Peter Windsor on Ronnie’s first win at Paul Ricard
Back then, though, back in 1973, there was in effect no choice: you drove down to Paul Ricard in your 1969 Ford Escort 1100, worrying a little bit about the water pump gasket but ultimately, disproportionately, amazingly happy that it was all about to happen.
We slept under the car in a lay-by, Peter Collins and I, believing we were safe. I folded up a Firestone jacket into some sort of pillow; feet plodded around us outside on the gravel, apparently in circles, tied to the smoke of Gitanes, linked to oaths, muttered in local French.
Eyes scratchy, limbs stiff, we splashed water over our faces in the public toilet. In a motorway café we sipped something hot and ate croissants. Then we were on the road again, the springs in the seat now digging into our backs, the imbalance on the right front wheel much more of a presence than it had been the day before.
Finally, at the top of the long mountain climb, we reached Paul Ricard. It was a golden dusk on a warm-air Saturday night. Inside the circuit the flags and team names of French motor racing
stretched forever: Elf, BP France, Antar, Motul, Matra, Renault-alpine, Martini, Michelin, Stand 21, GPA, Ford France, Scratch magazine. Their tents and camper vans filled the vastness; it felt as though we were at last at the centre of it all, that summer, that year. Everything else – everything else, by comparison – seemed incidental.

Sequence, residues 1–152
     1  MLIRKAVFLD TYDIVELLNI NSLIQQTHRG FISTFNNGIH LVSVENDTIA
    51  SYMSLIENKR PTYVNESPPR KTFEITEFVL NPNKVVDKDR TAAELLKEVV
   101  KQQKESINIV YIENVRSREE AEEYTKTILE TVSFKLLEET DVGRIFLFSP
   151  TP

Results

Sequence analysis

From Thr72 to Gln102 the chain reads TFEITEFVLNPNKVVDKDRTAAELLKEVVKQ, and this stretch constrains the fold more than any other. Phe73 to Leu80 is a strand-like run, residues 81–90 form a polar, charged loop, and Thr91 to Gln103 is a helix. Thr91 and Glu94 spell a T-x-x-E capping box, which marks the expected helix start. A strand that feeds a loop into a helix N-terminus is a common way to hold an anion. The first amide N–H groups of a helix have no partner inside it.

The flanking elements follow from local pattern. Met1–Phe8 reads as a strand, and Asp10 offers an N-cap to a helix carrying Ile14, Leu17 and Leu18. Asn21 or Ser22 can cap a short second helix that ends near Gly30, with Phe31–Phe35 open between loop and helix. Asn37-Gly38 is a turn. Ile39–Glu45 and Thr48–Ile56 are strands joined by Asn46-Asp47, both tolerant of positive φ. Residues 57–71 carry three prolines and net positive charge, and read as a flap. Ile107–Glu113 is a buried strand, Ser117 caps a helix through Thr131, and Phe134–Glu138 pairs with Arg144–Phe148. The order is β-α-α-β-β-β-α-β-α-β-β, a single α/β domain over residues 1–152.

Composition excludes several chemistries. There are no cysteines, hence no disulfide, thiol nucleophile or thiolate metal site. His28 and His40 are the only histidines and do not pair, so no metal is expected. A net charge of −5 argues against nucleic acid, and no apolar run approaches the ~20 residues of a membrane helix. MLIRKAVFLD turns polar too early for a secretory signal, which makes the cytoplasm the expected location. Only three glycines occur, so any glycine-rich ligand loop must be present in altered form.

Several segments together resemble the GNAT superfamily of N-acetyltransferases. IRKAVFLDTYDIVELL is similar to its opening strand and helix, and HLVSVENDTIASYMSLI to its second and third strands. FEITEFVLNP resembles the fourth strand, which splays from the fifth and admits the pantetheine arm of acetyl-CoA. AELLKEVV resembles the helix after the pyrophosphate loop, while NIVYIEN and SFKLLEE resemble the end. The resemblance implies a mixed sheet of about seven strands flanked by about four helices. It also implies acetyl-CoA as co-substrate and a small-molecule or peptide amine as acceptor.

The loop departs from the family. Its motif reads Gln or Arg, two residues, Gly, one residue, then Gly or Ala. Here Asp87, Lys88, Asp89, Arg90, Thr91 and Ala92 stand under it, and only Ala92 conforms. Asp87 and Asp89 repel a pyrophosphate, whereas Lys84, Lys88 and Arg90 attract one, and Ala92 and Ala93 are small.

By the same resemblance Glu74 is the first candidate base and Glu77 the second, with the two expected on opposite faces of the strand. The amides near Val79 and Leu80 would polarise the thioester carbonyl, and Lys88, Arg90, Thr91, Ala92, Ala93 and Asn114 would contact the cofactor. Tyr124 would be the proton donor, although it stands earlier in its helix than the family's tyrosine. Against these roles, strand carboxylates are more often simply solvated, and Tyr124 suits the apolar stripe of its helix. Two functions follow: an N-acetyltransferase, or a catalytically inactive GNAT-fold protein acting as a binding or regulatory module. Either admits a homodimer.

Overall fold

We found a two-star in Bandol, complete with bugs and brackish water, and slept despite the street noise and thumps from the room next door.
The sun was rising as we set off for Ricard Sunday – for the French Grand Prix. I pushed hard on the road up the mountain, stretching the Escort in third before braking deep for the first of the banked hairpins. In the mirror: a flash of blue. A hot Renault 5 darted into view, lights blazing. “Somebody quick’s behind us.” “Check-it-out! Jean Ragnotti!”
I moved over and waved the Renault past. PC and I knew Jean already from a couple of F3 races. He waved back, smoke streaming from a Gitanes.
A little further on, the back end of the Escort juddered as I hit the brakes over the bumps on a downhill section. This time a Ford Granada breezed past, four-up, tyres squealing.
“Francois Çevert, no question,” said Pete. “Probably with the Tyrrell guys…” The Granada powered quickly away, up towards the next right-hander. I checked the mirror for more.
The Escort was shot by the time we reached the summit so we parked it in the shade and walked towards the ticket booths.
“Deux billets a la virage Signes,” I said in my Aussie French. The girl looked at me suspiciously then asked me for my francs.
The PA filled the air with French; the massive crowd pushed its way towards the grass viewing banks. We muscled our way through, finding a location near the front of a makeshift stand. Ahead of us stretched maybe seven layers of catch-fencing. Beyond that: black Tarmac, baking in the heat. From where we stood, Signes looked innocent enough. Tarmac and painted kerbs. Neat. Tidy. Beautiful. I’d never seen a track look so beautiful.